NYT opinion: I’m Pro-Choice. But I Don’t Think Pro-Lifers Are Bad People

I think this link that I “gifted” should go around the NYT paywall.

This opinion resonates with the dread I sometimes feel on boingboing where I am treated as “enemy” when I question and attempt to understand perspectives that are widely held here (but not nearly as widely held in the wider world).

I present it in the hopes of shifting the Overton window just a little from diatribe to dialog.

Judged by their beliefs, they may not be bad people. Judged by their actions, all too many are very bad indeed. They are doing great harm, and eagerly looking forward to doing more.


I’m unsure what his point is.

As a woman, I know that I don’t appreciate a philosophical exercise of just asking questions when I have skin in the game and the person asking questions does not. I also don’t appreciate a lecture in tolerance for people who are trying to nullify my reproductive choices.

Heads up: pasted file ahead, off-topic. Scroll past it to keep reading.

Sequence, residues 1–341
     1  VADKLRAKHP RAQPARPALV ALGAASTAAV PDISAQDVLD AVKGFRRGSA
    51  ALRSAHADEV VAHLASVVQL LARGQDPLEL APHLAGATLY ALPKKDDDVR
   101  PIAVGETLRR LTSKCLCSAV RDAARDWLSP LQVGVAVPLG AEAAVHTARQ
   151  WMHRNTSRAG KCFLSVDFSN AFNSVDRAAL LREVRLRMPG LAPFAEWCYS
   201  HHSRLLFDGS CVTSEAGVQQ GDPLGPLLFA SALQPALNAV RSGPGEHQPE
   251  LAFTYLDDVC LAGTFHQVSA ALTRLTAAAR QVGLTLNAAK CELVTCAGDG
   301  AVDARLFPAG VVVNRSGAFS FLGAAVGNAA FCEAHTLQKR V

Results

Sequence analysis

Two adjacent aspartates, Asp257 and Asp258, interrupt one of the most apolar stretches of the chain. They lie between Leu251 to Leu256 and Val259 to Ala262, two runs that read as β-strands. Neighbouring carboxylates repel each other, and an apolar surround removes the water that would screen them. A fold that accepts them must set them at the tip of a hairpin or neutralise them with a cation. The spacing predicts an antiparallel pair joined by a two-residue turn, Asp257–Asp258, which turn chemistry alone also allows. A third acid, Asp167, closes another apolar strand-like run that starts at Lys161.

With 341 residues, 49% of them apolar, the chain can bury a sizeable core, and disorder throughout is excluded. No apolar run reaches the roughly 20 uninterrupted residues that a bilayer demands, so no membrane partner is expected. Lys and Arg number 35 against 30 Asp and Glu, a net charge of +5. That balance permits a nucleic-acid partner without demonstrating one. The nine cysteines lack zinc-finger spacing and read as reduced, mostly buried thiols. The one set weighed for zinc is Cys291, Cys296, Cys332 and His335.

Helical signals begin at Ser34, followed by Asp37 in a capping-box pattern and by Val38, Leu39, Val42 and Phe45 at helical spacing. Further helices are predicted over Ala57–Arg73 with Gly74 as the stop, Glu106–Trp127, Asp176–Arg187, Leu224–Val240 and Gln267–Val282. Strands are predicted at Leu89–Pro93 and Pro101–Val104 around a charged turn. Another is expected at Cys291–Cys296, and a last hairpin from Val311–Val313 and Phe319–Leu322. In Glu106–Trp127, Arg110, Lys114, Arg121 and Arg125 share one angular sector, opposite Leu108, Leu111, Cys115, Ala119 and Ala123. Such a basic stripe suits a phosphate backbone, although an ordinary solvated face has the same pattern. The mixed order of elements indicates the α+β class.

I don’t need these people to be my friends.


I’m not sure he had one.


yeah, they are welcome to hold whatever views they want. the problem is, they are forcing others to conform to their views. if people who believe in women’s rights are supposed to have tolerance, why do forced birth proponents get a pass?

and no one is talking about forcing abortion on women so the basis the author has taken is entirely wrong

also from it, there’s this:

“For them, all the negative effects of doing away with Roe may fade in importance. To them, those things are a lesser priority than preserving life.”

if that were actually true, forced birthers would be handing out contraception like candy. they’d be spending effort on reducing america’s heartbreaking maternal death rates, they’d be getting kids free healthcare, they’d talk openly about sex education, and they’d stop tolerating sexual assault

vanishingly few of them support living breathing women - so how can anyone take seriously that their overriding goal is to protect life?